Table 1 Characteristics of the health workforce

Motivation and job satisfaction mean scores and turnover intention

Table 2 shows the overall motivation and job satisfaction mean scores as well as the means of their respective subscores, with comparisons made between persons with and without turnover intention. Health workers achieved an overall motivation mean score of 3.65 (out of 5). With regard to the motivation subscores, the lowest mean scores were reached in job satisfaction (3.15) and burnout (3.29) and the highest mean scores in timeliness and attendance (4.15), and conscientiousness (4.35). Concerning job satisfaction, health workers achieved an overall job satisfaction mean score of 3.15 (out of 5). The least job satisfaction mean subscores were remuneration (2.12) and career development (2.58). The highest mean subscores were reached in the areas of supervision (3.81) and morale (3.85).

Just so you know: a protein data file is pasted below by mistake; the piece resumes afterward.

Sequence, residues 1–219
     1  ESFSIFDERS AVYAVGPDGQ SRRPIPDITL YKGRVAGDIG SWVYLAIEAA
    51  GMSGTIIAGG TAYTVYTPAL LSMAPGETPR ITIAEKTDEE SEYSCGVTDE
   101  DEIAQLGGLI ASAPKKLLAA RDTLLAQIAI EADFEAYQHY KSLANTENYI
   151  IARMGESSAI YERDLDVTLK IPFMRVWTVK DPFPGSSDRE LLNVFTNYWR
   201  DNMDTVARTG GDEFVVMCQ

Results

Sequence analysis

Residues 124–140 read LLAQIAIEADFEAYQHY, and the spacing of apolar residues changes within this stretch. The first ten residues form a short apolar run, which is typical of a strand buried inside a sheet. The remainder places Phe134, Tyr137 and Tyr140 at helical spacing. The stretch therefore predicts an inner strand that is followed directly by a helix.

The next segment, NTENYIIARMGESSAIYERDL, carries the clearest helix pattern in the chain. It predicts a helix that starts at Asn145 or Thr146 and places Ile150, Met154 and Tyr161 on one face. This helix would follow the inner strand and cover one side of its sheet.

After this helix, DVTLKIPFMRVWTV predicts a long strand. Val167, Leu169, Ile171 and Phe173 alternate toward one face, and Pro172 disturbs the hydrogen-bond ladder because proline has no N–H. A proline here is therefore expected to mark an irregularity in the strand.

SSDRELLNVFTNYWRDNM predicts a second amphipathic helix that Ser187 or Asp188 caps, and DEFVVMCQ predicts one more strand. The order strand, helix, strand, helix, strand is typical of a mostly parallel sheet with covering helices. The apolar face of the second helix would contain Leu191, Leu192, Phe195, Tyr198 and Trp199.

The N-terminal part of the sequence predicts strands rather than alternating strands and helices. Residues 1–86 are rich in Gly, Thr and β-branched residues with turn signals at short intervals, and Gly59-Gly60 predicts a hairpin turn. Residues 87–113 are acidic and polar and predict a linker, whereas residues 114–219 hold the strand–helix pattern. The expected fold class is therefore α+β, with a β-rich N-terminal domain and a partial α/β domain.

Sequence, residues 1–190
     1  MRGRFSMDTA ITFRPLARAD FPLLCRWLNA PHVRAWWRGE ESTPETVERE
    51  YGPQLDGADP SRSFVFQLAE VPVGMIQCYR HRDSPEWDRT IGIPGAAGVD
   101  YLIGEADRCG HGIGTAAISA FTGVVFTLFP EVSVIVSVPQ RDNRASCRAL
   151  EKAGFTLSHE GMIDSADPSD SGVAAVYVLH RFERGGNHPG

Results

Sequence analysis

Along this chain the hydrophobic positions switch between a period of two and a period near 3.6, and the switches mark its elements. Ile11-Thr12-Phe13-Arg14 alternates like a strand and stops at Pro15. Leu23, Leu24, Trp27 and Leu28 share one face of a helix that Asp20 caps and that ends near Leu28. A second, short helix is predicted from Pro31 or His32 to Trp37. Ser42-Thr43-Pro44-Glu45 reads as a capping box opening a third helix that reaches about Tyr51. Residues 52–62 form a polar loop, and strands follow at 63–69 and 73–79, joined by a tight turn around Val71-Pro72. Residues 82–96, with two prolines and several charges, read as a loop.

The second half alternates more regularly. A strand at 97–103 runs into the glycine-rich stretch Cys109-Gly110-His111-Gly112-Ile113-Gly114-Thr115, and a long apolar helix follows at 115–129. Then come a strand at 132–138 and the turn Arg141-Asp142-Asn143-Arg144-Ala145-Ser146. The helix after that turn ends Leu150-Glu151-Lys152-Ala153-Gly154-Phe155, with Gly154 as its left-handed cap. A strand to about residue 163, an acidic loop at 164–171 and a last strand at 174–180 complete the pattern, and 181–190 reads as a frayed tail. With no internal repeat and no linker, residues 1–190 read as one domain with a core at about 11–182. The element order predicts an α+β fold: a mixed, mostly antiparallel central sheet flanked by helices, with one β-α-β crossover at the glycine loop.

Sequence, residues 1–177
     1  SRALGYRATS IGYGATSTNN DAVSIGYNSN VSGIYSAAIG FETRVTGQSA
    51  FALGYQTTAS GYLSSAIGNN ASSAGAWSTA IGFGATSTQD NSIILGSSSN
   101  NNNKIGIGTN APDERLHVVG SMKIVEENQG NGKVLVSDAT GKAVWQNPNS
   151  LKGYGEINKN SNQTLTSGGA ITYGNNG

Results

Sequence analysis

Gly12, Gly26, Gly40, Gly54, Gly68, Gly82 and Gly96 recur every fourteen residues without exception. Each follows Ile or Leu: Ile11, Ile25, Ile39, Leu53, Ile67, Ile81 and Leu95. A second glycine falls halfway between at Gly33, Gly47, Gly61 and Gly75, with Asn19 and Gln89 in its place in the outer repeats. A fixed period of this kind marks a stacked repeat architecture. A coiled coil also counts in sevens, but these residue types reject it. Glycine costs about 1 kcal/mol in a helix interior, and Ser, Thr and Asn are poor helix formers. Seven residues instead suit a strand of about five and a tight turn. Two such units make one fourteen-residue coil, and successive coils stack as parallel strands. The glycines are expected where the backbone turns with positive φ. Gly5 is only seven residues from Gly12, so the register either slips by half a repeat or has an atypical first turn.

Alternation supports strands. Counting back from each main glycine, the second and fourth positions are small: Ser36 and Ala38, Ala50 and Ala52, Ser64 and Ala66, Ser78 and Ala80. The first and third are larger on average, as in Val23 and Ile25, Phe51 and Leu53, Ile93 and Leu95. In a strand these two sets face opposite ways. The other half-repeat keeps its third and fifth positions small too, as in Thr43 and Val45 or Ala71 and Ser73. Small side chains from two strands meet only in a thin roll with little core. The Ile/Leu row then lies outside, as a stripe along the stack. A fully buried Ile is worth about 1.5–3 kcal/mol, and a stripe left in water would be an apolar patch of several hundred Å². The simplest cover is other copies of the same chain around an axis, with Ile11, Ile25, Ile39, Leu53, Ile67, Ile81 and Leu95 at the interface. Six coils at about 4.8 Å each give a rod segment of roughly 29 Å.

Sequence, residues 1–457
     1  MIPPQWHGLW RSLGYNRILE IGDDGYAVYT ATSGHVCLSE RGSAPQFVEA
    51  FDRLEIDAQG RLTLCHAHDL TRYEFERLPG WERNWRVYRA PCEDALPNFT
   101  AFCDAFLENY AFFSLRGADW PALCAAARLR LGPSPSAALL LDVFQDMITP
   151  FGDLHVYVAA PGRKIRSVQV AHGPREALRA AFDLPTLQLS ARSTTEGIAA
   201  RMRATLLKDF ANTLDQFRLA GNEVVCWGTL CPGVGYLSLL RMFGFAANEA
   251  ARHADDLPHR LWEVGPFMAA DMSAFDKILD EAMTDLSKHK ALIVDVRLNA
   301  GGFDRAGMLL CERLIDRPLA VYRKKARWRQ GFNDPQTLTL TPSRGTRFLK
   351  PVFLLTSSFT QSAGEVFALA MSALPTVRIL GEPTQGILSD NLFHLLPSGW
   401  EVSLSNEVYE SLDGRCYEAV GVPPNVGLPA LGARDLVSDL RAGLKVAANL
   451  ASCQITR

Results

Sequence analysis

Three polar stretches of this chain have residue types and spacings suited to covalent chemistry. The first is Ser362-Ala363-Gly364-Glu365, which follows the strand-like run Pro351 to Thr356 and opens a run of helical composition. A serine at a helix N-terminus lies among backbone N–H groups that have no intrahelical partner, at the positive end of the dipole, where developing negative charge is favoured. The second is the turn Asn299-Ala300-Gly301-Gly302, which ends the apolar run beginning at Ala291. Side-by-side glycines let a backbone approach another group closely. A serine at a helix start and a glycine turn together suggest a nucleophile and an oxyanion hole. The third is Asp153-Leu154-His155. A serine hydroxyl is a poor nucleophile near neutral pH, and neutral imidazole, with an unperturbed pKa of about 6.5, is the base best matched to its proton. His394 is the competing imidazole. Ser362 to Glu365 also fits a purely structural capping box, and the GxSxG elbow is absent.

Table 2 Motivation and job satisfaction mean scores and their relation to turnover intention

Overall, 69% (95% CI, 63 to 75) of the respondents in the 3 study districts reported to have intentions to leave their current health facility. When comparing the mean job satisfaction and motivation scores and subscores according to turnover intention, significant differences (P < 0.05) indicated that job satisfaction and motivation was lower for health workers having turnover intentions than for those not having turnover intentions.

Determinants of turnover intention